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Background: Thyroid nodules are a common clinical problem, and differentiated thyroid cancer is becoming increasingly prevalent. Since the American Thyroid Association's (ATA's) guidelines for the management of these disorders were revised in 2009, significant scientific advances have occurred in the field. The aim of these guidelines is to inform clinicians, patients, researchers, and health policy makers on published evidence relating to the diagnosis and management of thyroid nodules and differentiated thyroid cancer. Methods: The specific clinical questions addressed in these guidelines were based on prior versions of the guidelines, stakeholder input, and input of task force members. Task force panel members were educated on knowledge synthesis methods, including electronic database searching, review and selection of relevant citations, and critical appraisal of selected studies. Published English language articles on adults were eligible for inclusion. The American College of Physicians Guideline Grading System was used for critical appraisal of evidence and grading strength of recommendations for therapeutic interventions. We developed a similarly formatted system to appraise the quality of such studies and resultant recommendations. The guideline panel had complete editorial independence from the ATA. Competing interests of guideline task force members were regularly updated, managed, and communicated to the ATA and task force members. Results: The revised guidelines for the management of thyroid nodules include recommendations regarding initial evaluation, clinical and ultrasound criteria for fine-needle aspiration biopsy, interpretation of fine-needle aspiration biopsy results, use of molecular markers, and management of benign thyroid nodules. Recommendations regarding the initial management of thyroid cancer include those relating to screening for thyroid cancer, staging and risk assessment, surgical management, radioiodine remnant ablation and therapy, and thyrotropin suppression therapy using levothyroxine. Recommendations related to long-term management of differentiated thyroid cancer include those related to surveillance for recurrent disease using imaging and serum thyroglobulin, thyroid hormone therapy, management of recurrent and metastatic disease, consideration for clinical trials and targeted therapy, as well as directions for future research. Conclusions: We have developed evidence-based recommendations to inform clinical decision-making in the management of thyroid nodules and differentiated thyroid cancer. They represent, in our opinion, contemporary optimal care for patients with these disorders.
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Thyroglobulin(Tg), the most commonly marker to determine remission of differentiated thyroid carcinoma(DTC), can take 18 months or longer to be undetectable. We hypothesized that Tg, stimulated after surgery and immediately before radioiodine treatment(baseline stimulated Tg) could be a good predictor of remission at 18-24 months. The aim of this study was to evaluate the role of baseline stimulated Tg as early prognostic marker of DTC. Retrospective study of 133 patients with DTC from 1998 to 2010(age at diagnosis 47.4+/-16.8, follow up 5.09+/-3.2 years). Initial subset analysis was performed after excluding patients with positive TgAb, that were later included in the second. Baseline stimulated Tg was divided into tertiles. Multivariate logistic regression analysis included baseline Tg and other known prognostic markers and receiver operating characteristic(ROC) curve to identify the best cut-off level of baseline Tg were performed. Baseline stimulated Tg in the highest tertile was the only predictive variable of persistence of disease at 18-24 months in the initial analysis(OR 45.3, p<0.01). In the second analysis, the predictive variables were baseline stimulated Tg(OR 39.6, p<0.001), presence of TgAb(OR 23.4,p<0.005) and uptake outside of the thyroid bed post-treatment-WBS(OR 5.3,p<0.05) were predictive of persistence of disease. The ROC curve showed that baseline stimulated Tg below 8.55 μg/L identified 95% of disease-free patients at 18-24 months after initial treatment. Baseline stimulated Tg is a good predictor of remission of disease at 18-24 months after initial treatment and could be a useful marker to stratify risk immediately after surgery. This article is protected by copyright. All rights reserved.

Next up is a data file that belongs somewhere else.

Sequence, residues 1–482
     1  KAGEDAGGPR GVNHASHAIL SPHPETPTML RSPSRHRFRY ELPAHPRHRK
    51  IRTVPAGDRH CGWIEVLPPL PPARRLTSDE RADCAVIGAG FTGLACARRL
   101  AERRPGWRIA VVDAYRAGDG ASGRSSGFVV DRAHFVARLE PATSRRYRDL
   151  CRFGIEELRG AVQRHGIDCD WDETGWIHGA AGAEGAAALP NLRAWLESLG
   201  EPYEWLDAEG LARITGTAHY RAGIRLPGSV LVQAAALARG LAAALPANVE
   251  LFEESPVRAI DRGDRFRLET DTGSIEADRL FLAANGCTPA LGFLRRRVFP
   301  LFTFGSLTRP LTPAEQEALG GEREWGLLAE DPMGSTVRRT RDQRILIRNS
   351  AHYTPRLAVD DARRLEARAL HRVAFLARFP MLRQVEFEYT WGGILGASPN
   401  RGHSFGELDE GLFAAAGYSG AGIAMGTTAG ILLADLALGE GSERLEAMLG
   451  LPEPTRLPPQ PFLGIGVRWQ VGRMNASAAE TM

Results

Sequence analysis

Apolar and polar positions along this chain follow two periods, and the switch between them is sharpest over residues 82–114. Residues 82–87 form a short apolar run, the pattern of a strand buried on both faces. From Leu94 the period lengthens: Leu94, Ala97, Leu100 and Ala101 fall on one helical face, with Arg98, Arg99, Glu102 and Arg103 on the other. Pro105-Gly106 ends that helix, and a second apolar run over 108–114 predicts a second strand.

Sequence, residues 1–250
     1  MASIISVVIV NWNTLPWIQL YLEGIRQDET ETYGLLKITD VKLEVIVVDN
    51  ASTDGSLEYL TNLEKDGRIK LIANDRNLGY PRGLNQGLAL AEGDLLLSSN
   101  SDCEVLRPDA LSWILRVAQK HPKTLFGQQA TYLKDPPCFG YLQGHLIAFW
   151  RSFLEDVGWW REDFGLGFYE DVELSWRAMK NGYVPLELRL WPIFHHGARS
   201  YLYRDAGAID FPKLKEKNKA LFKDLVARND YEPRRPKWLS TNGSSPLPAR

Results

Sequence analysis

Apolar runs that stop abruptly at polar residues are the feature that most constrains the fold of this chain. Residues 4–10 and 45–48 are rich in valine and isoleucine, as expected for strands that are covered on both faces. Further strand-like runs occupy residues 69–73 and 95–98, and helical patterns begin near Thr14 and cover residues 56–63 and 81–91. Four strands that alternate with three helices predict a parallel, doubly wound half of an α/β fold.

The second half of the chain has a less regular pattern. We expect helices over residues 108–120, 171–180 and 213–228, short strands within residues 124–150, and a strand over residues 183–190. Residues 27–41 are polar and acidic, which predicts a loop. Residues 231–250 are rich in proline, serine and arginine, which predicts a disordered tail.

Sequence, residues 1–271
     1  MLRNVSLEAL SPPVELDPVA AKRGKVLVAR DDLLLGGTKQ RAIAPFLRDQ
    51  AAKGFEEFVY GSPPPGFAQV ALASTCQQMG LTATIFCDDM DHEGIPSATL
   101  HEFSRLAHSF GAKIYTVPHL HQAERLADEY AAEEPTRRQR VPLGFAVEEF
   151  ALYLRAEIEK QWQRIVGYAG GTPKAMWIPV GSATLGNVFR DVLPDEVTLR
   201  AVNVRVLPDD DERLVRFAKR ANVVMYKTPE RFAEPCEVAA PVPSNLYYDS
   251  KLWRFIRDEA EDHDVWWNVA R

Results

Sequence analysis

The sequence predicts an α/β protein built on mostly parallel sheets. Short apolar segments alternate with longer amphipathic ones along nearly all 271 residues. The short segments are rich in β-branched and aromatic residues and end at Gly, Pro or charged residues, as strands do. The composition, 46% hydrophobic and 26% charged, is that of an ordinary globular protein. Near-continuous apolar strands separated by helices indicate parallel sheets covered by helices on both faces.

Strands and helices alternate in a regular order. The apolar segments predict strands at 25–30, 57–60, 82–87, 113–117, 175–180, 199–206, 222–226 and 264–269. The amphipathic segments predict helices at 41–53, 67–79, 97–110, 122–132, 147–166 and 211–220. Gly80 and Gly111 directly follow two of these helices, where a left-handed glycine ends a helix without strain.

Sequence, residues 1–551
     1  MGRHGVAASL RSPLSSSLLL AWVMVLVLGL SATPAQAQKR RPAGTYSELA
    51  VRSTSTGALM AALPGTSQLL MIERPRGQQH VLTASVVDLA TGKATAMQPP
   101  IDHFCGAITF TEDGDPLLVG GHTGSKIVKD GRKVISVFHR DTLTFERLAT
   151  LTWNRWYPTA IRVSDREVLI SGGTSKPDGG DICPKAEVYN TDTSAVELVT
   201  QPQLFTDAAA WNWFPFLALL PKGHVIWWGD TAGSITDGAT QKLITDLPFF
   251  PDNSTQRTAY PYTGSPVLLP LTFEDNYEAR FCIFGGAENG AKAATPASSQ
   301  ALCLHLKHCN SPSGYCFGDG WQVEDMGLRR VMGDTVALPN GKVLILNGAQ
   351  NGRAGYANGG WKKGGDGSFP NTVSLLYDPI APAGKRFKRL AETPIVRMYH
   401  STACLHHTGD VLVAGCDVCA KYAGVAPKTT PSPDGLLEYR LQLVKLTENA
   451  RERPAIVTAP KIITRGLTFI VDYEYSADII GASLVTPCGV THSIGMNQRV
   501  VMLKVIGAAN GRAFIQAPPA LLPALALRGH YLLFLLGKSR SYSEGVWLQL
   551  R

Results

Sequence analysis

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Background: This study was conducted to identify the relevant cutoff value and to evaluate the usefulness of postoperative-stimulated serum thyroglobulin (Tg) at the time of (131)I ablation for the prediction of disease status in patients with differentiated thyroid carcinoma (DTC) who received high-dose (131)I ablation therapy after total thyroidectomy. Methods: We analyzed 218 consecutively enrolled patients who were diagnosed with DTC and underwent total thyroidectomy. All patients underwent (131)I ablation at doses of 100-200 mCi, and stimulated serum Tg was measured at the time of (131)I ablation therapy. To assess disease-free status after (131)I ablation therapy, stimulated serum Tg levels, diagnostic whole-body scan (DxWBS) and neck ultrasonography (US) were performed 6-12 months after (131)I ablation. Results: The relevant cutoff value of postoperative stimulated Tg for the prediction of disease-free status was 2 ng/mL. A total of 138 patients (63.3%) showed values of <2 ng/mL. Postoperative-stimulated Tg < 2 ng/mL had a negative predictive value of 94.9%, which increased to 97.7% when low Tg was combined with negative neck US findings. Conclusion: Postoperative-stimulated Tg at the time of (131)I remnant ablation is a useful biochemical marker for the prediction of disease status in patients with DTC. When high-dose (131)I remnant ablation is performed after total thyroidectomy, the stimulated Tg measurement and DxWBS that are usually performed 6-12 months after (131)I ablation therapy may be skipped, at least in low- and intermediate-risk patients with postoperative stimulated Tg of < 2 ng/mL and negative neck US findings.